Conversion (gridiron football)

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A typical lineup for an extra point: the kicker is Stephen Gostkowski of New England against Cleveland, 2007

The try (American football, also known as point(s) after touchdown, PAT) or convert (Canadian football) occurs immediately after a touchdown during which the scoring team is allowed to attempt to score one extra point by kicking the ball through the uprights in the manner of a field goal, or two points by bringing the ball into the end zone in the manner of a touchdown; depending on league rules, one point may also be scored by manner of a safety.

If the try or conversion is scored by kicking the ball through the uprights, the team gets an additional one point for their touchdown, bringing their total for that score from six points to seven. If two points are needed or desired, a two-point conversion may be attempted by running or passing from scrimmage. A successful touchdown conversion brings the score's total to eight.

Whether a team goes for one or two points, most rules regarding scrimmage downs, including scoring touchdowns and field goals, apply as if it were a normal fourth down play. Exceptions, including cases where the defense forces a turnover during a conversion attempt, vary between leagues and levels of play.

History[edit]

The try/convert is among the oldest parts of the game of gridiron football and dates to its rugby roots. In its earliest days, scoring a touchdown was not the primary objective but a means of getting a free kick at the goal (hence why the name "try," more commonly associated with rugby today, is still used in American football rule books), and thus early scoring rubrics for the game gave more points to the subsequent kick than the actual advancement of the ball into the end zone. The related term "conversion" is still used in both rugby union and rugby league to refer to extra points scored by kicking the ball through the posts after a try has been scored.

By the start of the 20th century, touchdowns had become more important and the roles of touchdown and kick were reversed. By this time the point value for the after-touchdown kick had reduced to its current one-point value while the touchdown was now worth five. (This later increased to six points in American football in 1912 and in Canadian football in 1956.)[citation needed]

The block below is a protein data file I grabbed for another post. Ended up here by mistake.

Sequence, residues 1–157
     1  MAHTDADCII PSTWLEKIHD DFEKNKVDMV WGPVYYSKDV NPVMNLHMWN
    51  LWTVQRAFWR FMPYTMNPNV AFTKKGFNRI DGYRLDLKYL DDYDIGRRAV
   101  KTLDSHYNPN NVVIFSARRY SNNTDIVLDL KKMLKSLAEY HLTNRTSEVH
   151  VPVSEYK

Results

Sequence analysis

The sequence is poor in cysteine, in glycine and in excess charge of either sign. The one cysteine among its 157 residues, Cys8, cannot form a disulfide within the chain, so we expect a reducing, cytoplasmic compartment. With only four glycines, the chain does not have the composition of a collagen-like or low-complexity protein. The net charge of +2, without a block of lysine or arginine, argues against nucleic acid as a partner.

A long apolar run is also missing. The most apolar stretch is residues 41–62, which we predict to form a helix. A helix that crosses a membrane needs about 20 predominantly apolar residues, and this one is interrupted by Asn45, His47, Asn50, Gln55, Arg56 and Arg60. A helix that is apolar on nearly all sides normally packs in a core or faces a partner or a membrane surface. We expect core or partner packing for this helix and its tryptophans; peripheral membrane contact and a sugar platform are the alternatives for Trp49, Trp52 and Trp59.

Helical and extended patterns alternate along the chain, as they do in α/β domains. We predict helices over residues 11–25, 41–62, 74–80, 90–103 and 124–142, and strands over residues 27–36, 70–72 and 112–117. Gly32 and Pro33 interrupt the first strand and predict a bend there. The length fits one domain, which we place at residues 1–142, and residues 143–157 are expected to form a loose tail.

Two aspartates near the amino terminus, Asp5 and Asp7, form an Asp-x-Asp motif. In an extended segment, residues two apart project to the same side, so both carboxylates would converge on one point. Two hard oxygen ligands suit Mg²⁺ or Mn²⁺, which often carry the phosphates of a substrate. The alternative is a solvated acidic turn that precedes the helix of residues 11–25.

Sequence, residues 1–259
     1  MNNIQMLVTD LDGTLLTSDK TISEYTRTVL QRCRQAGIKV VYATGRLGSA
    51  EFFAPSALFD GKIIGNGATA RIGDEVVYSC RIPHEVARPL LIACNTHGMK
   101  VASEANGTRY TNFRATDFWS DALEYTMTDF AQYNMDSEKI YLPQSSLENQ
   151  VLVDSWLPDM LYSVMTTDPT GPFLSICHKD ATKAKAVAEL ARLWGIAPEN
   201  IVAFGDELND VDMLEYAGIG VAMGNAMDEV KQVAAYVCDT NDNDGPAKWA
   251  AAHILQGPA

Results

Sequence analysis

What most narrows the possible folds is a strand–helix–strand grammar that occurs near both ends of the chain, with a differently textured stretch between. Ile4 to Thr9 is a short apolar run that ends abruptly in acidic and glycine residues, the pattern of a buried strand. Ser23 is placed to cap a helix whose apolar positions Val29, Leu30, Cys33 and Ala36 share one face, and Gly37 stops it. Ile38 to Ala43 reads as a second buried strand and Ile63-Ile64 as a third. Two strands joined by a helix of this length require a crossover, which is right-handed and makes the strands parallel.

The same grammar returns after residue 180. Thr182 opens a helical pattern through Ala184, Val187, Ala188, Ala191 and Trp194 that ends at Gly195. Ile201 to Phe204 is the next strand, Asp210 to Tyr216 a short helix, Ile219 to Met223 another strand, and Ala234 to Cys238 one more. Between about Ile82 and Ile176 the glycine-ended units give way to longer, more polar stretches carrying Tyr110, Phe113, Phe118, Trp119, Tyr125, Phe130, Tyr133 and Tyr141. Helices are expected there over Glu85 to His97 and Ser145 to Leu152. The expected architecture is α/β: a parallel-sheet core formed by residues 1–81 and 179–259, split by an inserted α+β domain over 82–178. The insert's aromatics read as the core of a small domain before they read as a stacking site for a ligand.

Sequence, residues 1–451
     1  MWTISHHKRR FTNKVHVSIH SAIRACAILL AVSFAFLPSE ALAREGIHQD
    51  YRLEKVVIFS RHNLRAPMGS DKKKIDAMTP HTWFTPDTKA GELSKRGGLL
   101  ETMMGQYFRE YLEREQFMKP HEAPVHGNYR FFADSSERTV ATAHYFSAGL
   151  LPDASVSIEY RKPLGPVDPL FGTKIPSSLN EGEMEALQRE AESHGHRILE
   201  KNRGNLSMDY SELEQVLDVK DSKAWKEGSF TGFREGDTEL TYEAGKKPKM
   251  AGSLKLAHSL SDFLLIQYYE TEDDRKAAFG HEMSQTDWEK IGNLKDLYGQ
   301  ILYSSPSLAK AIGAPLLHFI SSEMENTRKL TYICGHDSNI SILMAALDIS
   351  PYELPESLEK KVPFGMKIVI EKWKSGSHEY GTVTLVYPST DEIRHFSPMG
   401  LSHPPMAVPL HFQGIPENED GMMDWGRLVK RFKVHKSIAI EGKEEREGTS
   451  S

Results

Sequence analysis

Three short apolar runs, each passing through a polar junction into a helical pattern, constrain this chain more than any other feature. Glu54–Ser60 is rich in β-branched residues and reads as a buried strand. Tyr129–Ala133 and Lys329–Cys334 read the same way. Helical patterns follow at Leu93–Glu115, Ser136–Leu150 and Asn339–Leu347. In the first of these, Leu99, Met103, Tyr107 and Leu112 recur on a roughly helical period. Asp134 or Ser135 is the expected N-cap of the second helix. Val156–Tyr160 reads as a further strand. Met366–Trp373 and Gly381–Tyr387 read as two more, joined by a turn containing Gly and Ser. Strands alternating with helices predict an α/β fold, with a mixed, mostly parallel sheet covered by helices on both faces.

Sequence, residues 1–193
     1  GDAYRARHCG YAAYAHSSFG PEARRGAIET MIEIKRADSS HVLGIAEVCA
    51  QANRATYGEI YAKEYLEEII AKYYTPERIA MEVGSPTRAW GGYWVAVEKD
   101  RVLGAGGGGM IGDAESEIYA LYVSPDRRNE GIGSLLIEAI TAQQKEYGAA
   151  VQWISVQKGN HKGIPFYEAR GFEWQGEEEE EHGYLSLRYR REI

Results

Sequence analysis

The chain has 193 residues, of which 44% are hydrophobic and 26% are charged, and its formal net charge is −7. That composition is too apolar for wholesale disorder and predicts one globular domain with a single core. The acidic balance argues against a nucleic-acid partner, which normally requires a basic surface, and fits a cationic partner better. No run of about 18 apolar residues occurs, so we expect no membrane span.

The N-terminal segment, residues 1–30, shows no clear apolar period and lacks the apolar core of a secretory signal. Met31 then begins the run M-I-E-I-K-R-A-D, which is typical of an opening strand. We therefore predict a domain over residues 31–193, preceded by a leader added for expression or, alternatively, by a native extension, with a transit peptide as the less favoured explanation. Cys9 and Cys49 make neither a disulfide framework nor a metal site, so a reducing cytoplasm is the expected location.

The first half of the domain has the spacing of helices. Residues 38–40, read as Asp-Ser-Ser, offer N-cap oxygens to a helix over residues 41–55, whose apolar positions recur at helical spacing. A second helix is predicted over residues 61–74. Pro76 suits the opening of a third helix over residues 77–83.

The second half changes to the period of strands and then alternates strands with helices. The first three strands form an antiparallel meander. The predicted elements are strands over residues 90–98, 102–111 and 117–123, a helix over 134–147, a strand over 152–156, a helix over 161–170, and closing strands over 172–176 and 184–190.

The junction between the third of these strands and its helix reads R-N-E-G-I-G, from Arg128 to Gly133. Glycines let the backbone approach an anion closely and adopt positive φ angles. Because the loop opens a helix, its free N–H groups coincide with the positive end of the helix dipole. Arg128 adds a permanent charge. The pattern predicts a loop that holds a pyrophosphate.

Although a successful kick is only worth one point, missing one can decide the outcome of the game. Perhaps the most famous example to this was the 2003 game between the New Orleans Saints and Jacksonville Jaguars where, after scoring a touchdown as time expired as a result of the multiple-lateral River City Relay, Saints kicker John Carney missed the extra point, giving the Jaguars a 20-19 victory. On November 11, 1979 the New York Jets lost to the Buffalo Bills 14-12 - the difference coming from two missed extra points by place kicker Toni Linhart. Linhart never played another game in the NFL.

Another 2003 game, this one between the Carolina Panthers and Tampa Bay Buccaneers, was sent to overtime after what would have been a game-winning extra point was blocked; the Panthers won the game in overtime 12-9. A 2005 game between the Green Bay Packers and Tampa Bay Buccaneers is another notable exception, as the Buccaneers won 17-16, the difference being Ryan Longwell missing an extra point after a Packers touchdown.[1]

Duration of the play[edit]

In the NFL and American high school football (in most states), the play is over once the ball becomes dead or the defense takes possession. In many other levels of football, including the Canadian Football League and American college football, the play continues after a turnover to the defense. This allows the defense to return the ball to the opponent's end zone for two points and also allows for a one-point safety. Two states, Texas and Massachusetts, play high school football under NCAA rules and thus allow the defense to score on an extra-point attempt.

Differences between leagues[edit]